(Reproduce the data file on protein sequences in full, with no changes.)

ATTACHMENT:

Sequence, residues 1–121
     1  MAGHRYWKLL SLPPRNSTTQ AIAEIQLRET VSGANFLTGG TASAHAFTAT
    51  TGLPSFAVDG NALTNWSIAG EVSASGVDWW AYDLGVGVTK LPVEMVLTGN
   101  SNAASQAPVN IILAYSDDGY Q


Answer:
Sequence, residues 1–121
     1  MAGHRYWKLL SLPPRNSTTQ AIAEIQLRET VSGANFLTGG TASAHAFTAT
    51  TGLPSFAVDG NALTNWSIAG EVSASGVDWW AYDLGVGVTK LPVEMVLTGN
   101  SNAASQAPVN IILAYSDDGY Q